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There and Back – FJR NAFO 2016

Part One – Getting There

Every two years, the FJR community gets together for a North American meet hosted by one of the regional FJR groups. If you’re picturing a large group of pirates, rumbling down the road en masse, you’d be off base…it’s way more low-key. Essentially, 80-120 riders gather, split off for small group rides (4-8 bikes, if that) and generally turn a few hundred miles a day before returning to the venue for an evening of parking log socializing and hijinks. This was the year for NAFO to return, this time in Montrose, CO from July 28th through the 31st. Given the location, a number of riders opted to trailer their bikes in, a practice humorously frowned on in the community, and bring along a dirt bike as well in order to take advantage of everything western Colorado has to offer. I had the vacation time needed, two weeks, and had the bike; another adventure was in the offing!

Initially, I was going to ride to Colorado on my own; however, as the days to departure counted down, my good friend Bob, a fellow Jarhead from northern Virginia, joined me as his wife had to back out (they were going to trailer). Lisa, a friend of Bob’s and a practiced long distance rider, was also going to join the adventure. The group was set; we’d have two 2015ES’s and a green 2007 in our party for the start and later be joined by Petey in Stillwater, OK on his BMW. Bob proceeded to work up a route plan out to Montrose that had us seeing very little interstate and as many good roads as he could find given our time constraints and meet-up with Petey in Stillwater.

Our route to Montrose, CO

Our route to Montrose. It picks up from Maggie Valley, our day 2 starting point.

Day One, Saturday the 23rd of July

Bob and Lisa started from the DC area and I started from Rocky Mount, NC. We were to meet at a Sheetz in Greensboro, NC and then continue on from there to our first overnight stop in Maggie Valley, NC. While Bob and Lisa had to depart at the crack of dawn, I got to take it easy and leave later; Greensboro’s only about 2 hours away for me.

Loaded and ready for departure!

Loaded and ready for departure!

The rendezvous in Greensboro went off without a hitch…

Hiding in the shade in Greensboro

Hiding in the shade in Greensboro; it was HOT!

From Greensboro, we continued on and did a rather aggressive mountain run that placed us in Maggie Valley for the night, starting our goal to avoid the interstate as much as we could reasonably get away with.

From Greensboro to Maggie Valley

From Greensboro to Maggie Valley

Photo stop on the Blue Ridge Parkway

Photo stop on the Blue Ridge Parkway. Lisa’s back there tending to things.

We stayed at the local Microtel in Maggie Valley and enjoyed a meal at the Subway, down the street. After a few rounds of drinks, it was off to bed…

Day Two, Sunday

Morning in Maggie Valley

Morning in Maggie Valley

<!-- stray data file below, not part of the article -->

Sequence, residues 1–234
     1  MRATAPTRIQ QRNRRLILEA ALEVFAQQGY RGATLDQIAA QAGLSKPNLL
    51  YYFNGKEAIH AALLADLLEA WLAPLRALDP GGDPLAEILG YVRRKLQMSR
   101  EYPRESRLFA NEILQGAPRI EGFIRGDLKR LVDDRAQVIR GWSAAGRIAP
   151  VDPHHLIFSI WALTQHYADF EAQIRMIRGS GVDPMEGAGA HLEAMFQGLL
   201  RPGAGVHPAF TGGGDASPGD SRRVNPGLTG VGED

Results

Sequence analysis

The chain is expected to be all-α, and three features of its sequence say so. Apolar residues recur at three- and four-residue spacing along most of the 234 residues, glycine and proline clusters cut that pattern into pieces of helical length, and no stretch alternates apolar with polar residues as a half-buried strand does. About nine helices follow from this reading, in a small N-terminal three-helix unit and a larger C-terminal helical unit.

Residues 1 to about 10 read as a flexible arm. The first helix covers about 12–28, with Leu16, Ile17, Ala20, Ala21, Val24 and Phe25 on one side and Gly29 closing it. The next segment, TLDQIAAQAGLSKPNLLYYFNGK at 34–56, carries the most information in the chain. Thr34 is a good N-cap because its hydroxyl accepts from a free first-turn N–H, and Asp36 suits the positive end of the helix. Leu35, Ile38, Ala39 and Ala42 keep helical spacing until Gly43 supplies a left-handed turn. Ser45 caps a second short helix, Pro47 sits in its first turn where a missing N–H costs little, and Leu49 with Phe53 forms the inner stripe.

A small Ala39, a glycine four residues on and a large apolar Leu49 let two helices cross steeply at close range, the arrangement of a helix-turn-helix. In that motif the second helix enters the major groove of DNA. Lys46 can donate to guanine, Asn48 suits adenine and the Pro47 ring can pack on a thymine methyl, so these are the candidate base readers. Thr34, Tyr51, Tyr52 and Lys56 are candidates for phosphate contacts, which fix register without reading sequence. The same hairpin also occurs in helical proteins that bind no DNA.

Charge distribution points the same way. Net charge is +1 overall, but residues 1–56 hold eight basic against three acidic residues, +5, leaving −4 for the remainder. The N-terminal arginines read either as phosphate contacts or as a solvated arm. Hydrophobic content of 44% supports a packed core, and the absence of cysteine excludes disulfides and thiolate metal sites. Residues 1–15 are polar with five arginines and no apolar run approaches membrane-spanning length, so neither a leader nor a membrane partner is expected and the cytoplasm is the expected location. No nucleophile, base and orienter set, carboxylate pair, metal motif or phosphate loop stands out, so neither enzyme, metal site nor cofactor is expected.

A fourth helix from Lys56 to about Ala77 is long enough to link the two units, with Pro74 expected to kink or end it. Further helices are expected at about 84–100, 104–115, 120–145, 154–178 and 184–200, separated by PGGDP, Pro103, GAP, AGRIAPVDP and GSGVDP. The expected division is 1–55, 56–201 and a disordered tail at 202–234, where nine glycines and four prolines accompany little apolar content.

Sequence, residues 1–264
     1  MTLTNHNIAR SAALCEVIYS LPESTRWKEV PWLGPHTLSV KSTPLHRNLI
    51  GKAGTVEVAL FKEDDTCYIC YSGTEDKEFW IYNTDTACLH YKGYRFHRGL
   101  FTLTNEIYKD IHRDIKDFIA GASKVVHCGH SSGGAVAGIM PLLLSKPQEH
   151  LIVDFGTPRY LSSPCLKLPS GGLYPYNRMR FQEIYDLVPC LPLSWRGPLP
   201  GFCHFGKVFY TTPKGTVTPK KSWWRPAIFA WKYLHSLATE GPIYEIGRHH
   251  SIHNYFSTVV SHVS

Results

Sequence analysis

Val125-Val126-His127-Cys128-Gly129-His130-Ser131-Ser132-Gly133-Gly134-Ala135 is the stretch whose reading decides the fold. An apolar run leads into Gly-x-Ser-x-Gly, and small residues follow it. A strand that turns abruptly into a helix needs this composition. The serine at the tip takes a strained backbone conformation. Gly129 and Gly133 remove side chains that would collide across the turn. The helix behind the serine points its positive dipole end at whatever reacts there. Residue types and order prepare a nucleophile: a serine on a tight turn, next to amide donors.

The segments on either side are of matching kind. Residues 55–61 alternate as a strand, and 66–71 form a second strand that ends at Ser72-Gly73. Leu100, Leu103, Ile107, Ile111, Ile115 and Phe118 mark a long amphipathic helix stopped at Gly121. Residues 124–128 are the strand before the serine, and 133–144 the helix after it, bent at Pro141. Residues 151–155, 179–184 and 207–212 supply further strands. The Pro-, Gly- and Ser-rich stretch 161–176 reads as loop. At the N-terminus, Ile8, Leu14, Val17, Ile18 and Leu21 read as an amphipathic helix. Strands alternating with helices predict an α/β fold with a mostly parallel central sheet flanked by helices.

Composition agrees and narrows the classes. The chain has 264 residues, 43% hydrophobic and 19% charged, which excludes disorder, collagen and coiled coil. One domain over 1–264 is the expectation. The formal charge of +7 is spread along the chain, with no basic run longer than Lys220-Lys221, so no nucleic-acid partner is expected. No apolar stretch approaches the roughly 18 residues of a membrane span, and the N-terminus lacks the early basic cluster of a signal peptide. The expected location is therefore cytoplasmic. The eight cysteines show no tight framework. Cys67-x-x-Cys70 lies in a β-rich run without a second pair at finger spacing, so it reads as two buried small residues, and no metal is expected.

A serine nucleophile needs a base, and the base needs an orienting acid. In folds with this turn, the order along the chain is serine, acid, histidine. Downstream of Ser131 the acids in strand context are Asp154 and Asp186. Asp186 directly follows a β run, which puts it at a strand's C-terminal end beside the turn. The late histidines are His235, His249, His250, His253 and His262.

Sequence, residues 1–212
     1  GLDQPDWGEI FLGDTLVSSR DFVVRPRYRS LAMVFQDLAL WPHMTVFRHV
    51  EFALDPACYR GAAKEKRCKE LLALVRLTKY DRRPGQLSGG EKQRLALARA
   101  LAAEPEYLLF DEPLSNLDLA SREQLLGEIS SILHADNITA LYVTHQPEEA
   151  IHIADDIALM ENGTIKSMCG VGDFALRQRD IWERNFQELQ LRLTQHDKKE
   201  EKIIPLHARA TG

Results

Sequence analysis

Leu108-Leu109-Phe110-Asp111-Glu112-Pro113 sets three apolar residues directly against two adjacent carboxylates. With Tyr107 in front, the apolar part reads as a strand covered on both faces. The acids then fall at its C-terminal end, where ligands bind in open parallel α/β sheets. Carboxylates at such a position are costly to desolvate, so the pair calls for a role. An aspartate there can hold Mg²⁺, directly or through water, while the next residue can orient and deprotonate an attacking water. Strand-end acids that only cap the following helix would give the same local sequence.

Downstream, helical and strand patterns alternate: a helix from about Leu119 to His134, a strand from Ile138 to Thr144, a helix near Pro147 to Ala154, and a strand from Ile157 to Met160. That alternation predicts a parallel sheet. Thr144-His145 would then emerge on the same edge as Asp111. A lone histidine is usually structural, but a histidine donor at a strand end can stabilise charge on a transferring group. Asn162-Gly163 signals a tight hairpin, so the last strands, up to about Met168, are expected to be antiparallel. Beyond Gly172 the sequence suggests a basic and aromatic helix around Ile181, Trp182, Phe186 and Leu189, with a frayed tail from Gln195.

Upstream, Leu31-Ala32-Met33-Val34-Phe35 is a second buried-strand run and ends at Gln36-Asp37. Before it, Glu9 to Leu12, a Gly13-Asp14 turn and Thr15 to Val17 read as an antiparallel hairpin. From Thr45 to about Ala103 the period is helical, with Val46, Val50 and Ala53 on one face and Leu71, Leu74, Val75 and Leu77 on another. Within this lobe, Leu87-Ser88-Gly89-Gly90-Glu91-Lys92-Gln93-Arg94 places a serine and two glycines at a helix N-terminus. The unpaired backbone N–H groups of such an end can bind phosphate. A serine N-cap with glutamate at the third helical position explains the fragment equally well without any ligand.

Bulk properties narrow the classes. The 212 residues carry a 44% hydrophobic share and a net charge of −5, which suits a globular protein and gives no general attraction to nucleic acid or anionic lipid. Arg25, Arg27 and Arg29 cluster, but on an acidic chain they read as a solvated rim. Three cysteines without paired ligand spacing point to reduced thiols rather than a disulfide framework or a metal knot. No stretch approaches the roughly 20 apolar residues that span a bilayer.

We got up early as we had a 600+ mile day ahead.

Our 600+ mile route from Maggie Valley to Searcy, AR

Our 600+ mile route from Maggie Valley to Searcy, AR

The plan was to hit the Cherohala Skyway and then run across Tennessee and reach Searcy, AR for the night. When we reached Robbinsville at 8am, we found that the fog was hanging low, which meant the Cherohala would likely be socked in for a bit…so we stopped to wait it out.

The entrance to the Cherohala beckons behind the store as we wait out the fog.

The entrance to the Cherohala beckons behind the store as we wait out the fog.

The Cherohala turned out to be fantastic! The road was empty, the fog had lifted, and we enjoyed a spirited run to the Tennessee side…then disaster struck. Bob and I both had Sena headsets, Lisa did not. Nearing the end of the Cherohala, Bob and I talked about stopping to check out Bald River Falls, deciding to take the goat path cutoff to it…that’d we’d just passed. Bob put up his hand to signal that we were going to turn around…I started slowing, then it happened…I felt a tremendous impact at my rear, then saw my top box flying over my left shoulder. I had no idea what had just happened…I was too busy trying to stay upright, but Lisa had missed the turnaround signal and submarined the nose of her bike under my top box, popping it off the Givi rack. Both of us remained upright; I gingerly pulled my bike off to the side…there was no shoulder, but there was zero traffic and we were on a long straight with excellent visibility. Both Lisa and I were unharmed and, after determining that, our focus turned to the bikes and a damage assessment.

Apart from my AdMore power cable, the license plate light was the only other casualty

Apart from my AdMore power cable, the license plate light was the only other casualty

My E55 Tech box had gotten good air, according to Bob, and bounced down the road for a bit before spilling its contents across the road. The AdMore lighting plug was shaved down to an unusable state, but other than that, the box looked fine apart from a lot of road rash. The contents, largely consisting of spare gloves, my shower kit, a jacket plus some odds and ends also fared well. We feared trip-ending mechanical damage on my bike, but a closer inspection revealed only a broken license plate light bracket and a crack in the plastic surrounding the tail lights; Lisa’s front tire appeared to have slipped between my rear tire and the right-hand side bag, marring the reflective decal on the side bag, but nothing more. The connecting points on the exhaust cans revealed no damage and the rear wheel and hub looked normal…we got very lucky. The SR357 Givi rack emerged unscathed, no breaks, chips, bends, or marks even. Lisa’s bike looked ok, apart from a few cracks in the nose; the forks and associated hardware looked ok. We hadn’t been moving all that fast, perhaps 30mph at the time of impact…that made the difference I think.